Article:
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The Jeffersonian cyclopedia;

a comprehensive collection of the views of Thomas Jefferson classified and arranged in alphabetical order under nine thousand titles relating to government, politics, law, education, political economy, finance, science, art, literature, religious freedom, morals, etc.;

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6876. PRESIDENT, Election of.—[continued].
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6876. PRESIDENT, Election of.—[continued].

That great opposition is
and will be made by federalists to this
amendment [to the Constitution], is certain.
They know that if it prevails, neither a President
nor Vice-President can ever be made
but by the fair vote of the majority of the nation,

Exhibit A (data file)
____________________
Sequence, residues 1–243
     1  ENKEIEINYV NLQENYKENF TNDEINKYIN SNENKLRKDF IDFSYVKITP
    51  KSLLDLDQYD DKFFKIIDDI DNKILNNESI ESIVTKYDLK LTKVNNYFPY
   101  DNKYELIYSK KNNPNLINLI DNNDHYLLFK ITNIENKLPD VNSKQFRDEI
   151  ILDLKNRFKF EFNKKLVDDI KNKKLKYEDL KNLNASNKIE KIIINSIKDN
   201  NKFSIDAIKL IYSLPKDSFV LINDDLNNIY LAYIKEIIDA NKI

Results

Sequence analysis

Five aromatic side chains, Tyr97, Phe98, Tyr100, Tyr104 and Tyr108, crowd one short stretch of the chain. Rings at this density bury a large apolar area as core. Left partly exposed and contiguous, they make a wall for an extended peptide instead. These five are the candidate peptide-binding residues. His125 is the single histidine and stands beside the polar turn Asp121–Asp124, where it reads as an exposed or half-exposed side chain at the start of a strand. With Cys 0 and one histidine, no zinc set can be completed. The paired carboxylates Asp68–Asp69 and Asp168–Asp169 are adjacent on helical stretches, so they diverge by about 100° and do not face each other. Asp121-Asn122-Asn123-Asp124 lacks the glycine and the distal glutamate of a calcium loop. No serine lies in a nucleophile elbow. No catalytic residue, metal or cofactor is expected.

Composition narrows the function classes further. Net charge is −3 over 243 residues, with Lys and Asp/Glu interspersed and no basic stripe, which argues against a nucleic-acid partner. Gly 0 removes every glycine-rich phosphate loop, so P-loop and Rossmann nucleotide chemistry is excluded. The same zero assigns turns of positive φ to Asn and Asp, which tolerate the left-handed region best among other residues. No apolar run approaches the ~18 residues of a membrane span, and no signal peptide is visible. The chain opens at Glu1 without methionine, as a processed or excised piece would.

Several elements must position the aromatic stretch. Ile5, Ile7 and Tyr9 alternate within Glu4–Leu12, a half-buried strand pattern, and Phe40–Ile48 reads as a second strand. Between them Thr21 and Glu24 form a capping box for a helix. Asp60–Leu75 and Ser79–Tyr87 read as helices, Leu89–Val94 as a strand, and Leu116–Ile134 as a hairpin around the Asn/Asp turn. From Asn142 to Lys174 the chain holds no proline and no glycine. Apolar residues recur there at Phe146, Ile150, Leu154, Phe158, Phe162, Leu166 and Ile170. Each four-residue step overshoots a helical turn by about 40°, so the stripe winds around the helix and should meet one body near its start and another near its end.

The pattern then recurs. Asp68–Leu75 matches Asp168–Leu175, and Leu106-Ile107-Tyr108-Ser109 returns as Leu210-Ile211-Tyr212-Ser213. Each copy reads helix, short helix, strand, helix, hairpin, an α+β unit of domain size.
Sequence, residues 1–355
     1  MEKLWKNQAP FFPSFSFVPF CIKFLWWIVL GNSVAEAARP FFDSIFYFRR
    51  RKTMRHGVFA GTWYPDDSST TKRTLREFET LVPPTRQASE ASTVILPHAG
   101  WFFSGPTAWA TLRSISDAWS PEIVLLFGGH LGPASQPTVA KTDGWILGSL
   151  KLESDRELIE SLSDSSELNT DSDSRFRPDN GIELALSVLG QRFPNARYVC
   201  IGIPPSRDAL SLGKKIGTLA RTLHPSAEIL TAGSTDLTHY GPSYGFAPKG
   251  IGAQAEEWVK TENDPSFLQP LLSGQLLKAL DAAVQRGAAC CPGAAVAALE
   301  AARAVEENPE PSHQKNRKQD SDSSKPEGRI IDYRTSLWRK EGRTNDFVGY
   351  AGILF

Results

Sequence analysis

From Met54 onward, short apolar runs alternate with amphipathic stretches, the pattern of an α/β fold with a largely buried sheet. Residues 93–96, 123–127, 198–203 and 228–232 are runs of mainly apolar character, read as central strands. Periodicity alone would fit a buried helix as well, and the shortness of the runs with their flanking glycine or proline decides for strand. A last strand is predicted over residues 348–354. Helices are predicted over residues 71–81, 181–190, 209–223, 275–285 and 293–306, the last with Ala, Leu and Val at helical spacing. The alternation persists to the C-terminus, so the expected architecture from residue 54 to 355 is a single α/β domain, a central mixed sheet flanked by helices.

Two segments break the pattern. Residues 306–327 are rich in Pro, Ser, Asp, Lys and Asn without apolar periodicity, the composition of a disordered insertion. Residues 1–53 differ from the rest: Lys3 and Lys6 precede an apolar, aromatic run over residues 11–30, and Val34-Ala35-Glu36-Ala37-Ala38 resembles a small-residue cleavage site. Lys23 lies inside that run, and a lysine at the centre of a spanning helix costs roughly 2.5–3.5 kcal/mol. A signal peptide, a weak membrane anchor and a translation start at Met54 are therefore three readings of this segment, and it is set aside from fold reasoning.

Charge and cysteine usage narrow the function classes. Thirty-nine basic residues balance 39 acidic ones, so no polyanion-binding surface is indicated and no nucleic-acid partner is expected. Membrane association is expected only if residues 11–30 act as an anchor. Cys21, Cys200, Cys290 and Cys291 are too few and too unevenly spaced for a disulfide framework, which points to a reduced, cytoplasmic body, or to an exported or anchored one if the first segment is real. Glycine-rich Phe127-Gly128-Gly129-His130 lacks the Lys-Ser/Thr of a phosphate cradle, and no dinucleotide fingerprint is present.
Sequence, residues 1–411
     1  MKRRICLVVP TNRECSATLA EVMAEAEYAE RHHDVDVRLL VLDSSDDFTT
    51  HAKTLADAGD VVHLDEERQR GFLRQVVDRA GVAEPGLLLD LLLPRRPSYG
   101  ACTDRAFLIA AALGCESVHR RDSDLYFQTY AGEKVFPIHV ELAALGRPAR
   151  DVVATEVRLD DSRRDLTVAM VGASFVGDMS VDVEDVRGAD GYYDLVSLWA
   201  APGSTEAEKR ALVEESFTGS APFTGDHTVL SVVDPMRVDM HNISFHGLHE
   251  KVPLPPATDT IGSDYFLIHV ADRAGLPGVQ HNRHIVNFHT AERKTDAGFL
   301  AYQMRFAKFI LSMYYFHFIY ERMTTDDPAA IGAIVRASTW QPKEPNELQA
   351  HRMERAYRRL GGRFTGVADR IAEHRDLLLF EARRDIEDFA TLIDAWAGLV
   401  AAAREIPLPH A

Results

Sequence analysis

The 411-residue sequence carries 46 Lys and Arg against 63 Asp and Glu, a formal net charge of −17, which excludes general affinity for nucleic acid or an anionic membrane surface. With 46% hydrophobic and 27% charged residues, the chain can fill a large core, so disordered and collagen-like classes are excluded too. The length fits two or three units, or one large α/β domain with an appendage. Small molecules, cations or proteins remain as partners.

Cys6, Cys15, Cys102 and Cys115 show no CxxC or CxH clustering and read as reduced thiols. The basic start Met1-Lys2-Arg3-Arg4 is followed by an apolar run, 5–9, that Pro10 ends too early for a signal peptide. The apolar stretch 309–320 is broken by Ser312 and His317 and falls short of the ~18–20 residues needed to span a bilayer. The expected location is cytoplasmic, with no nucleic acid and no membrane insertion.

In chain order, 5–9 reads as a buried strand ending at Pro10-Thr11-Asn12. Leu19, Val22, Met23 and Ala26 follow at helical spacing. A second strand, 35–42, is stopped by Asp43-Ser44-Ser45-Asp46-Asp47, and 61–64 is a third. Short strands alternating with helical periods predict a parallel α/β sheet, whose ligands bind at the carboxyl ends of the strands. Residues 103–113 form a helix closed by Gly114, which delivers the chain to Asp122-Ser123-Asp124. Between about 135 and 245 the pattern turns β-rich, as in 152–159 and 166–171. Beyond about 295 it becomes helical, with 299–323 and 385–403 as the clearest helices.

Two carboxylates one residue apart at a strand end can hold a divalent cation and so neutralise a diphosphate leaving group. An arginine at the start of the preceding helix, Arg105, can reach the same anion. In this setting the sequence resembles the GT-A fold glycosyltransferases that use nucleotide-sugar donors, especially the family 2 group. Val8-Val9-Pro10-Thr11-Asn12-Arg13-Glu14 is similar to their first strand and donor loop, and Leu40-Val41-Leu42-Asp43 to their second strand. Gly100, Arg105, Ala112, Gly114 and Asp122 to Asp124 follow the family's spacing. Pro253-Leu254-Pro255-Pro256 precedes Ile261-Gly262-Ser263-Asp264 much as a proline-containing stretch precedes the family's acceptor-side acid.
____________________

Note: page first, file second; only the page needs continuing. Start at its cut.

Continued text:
of which they are not. That either their
opposition to the principle of discrimination
now, or their advocation of it formerly was
on party, not moral motives, they cannot
deny. Consequently, they fix for themselves
the place in the scale of moral rectitude to
which they are entitled. I am a friend to
the discriminating principle; and for a reason
more than others have, inasmuch as the discriminated
vote of my constituents will express
unequivocally the verdict they wish to
cast on my conduct.—
To Thomas McKean. Ford ed., viii, 292.
(W. Jan. 1804)